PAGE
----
WOMEN IN THE LAW
On Saturday, March 8th, 2008 Ruth Bader Ginsburg, Sherrilyn Ifill, Elena Kagan, and Gene Pratter participated in a panel discussion at the National Constitution Center about the successes, continued challenges and emerging issues faced by women in the legal profession. The conversation, moderated by ABC News correspondent Lynn Sherr, considered whether women read the Constitution differently than men, if there is such a thing as women's "justice,” the unintended consequences of women’s equality, and why women have advanced more quickly than African Americans in the field.
Ruth Bader Ginsburg is an Associate Justice of the Supreme Court. She served as a law clerk to the Honorable Edmund L. Palmieri, Judge of the United States District Court for the Southern District of New York, from 1959–1961. From 1961–1963, she was a research associate and then associate director of the Columbia Law School Project on International Procedure. She was a Professor of Law at Rutgers University School of Law from 1963–1972, and Columbia Law School from 1972–1980, and a fellow at the Center for Advanced Study in the Behavioral Sciences in Stanford, California from 1977–1978. In 1971, she was instrumental in launching the Women’s Rights Project of the American Civil Liberties Union, and served as the ACLU’s General Counsel from 1973–1980, and on the National Board of Directors from 1974–1980. She was appointed a Judge of the United States Court of Appeals for the District of Columbia Circuit in 1980. President Clinton nominated her as an Associate Justice of the Supreme Court, and she took her seat on August 10, 1993. Ginsburg is on the board of the Peter Jennings Project for Journalists and the Constitution.
Sherrilyn Ifill is a professor of law at the University of Maryland School of Law, where she is a nationally-recognized advocate in civil rights, voting rights, judicial diversity and judicial decision-making. Prior to joining the faculty in 1993, Ifill served as an assistant counsel at the NAACP Legal Defense and Education Fund. She is author of On the Courthouse Lawn: Confronting the Legacy of Lynching in the 21st Century. With Michael Pinard, Ifill co-founded the Reentry of Ex-Offenders Clinic. Ifill is a frequent guest on The Marc Steiner Show, a public affairs program on Baltimore NPR affiliate WYPR, where she talks about race and the law, and her op-ed articles often appear in the Baltimore Sun, Jurist, and the AFRO American newspapers. She is a graduate of Vassar College and received her law degree from New York University. She sits on the board of the Peter Jennings Project.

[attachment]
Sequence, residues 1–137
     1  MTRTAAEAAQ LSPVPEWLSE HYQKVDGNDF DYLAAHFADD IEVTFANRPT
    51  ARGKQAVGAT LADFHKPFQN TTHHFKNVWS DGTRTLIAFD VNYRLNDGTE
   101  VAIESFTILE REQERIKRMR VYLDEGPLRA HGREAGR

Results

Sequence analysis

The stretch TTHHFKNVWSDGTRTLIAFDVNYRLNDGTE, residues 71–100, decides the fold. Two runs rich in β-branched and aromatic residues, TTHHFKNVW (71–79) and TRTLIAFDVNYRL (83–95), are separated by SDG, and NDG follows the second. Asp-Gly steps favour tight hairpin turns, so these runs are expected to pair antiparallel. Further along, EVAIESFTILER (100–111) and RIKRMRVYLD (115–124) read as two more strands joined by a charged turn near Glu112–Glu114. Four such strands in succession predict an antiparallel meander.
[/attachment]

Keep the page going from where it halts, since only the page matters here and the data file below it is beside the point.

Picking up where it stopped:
Elena Kagan is the Solicitor General of the United States and President Barack Obama's nominee to become the 112th Justice of the United States Supreme Court. Kagan was formerly Dean of Harvard Law School and the Charles Hamilton Houston Professor of Law at Harvard University. From 1995 to 1999, Kagan served in the White House, first as Associate Counsel to the President and then as Deputy Assistant to the President for Domestic Policy and Deputy Director of the Domestic Policy Council. In those positions she played a key role in the executive branch's formulation, advocacy, and implementation of law and policy in areas ranging from education to crime to public health. Kagan clerked for Judge Abner Mikva of the U.S. Court of Appeals for the D.C. Circuit from 1986 to 1987. The next year she clerked for Justice Thurgood Marshall of the U. S. Supreme Court. She then worked as a lawyer in Washington before launching her scholarly career at the University of Chicago Law School.
Gene Pratter is a judge on the United States District Court for the Eastern District of Pennsylvania. Pratter has been nominated to the Third Circuit, which hears appeals from the federal district courts of Delaware, New Jersey, Pennsylvania and the Virgin Islands. Prior to becoming a judge, she was a partner at Duane Morris LLP, one of the premiere law firms in Pennsylvania. Pratter has been an active member of the community in both legal and non-legal capacities. She served as the co-chair of the American Bar Association Litigation Section’s Committee on Ethics and Professionalism and is currently on the Professional Responsibility Committee of the Philadelphia Bar Association.
Lynn Sherr has been a correspondent with the ABC newsmagazine “20/20” since May 1986. Covering a wide range of stories, Sherr specializes in women's issues and social change, as well as investigative reports. Among her many contributions to “20/20” include an award-winning report on the astonishing story of a homeless girl in New York who earned a scholarship to Harvard, a pioneering report on a treatment for anorexia, and a series on the lengths women go to when altering their bodies in the name of beauty. In 2000, Sherr traveled to India to report on midnight in Bombay for the ABCNEWS Millennium Special, which received numerous awards. She has also received an Emmy, two American Women in Radio and Television Commendation awards and, a George Foster Peabody Award, among others. She co-edited Peter Jennings: A Reporter’s Life (PublicAffairs).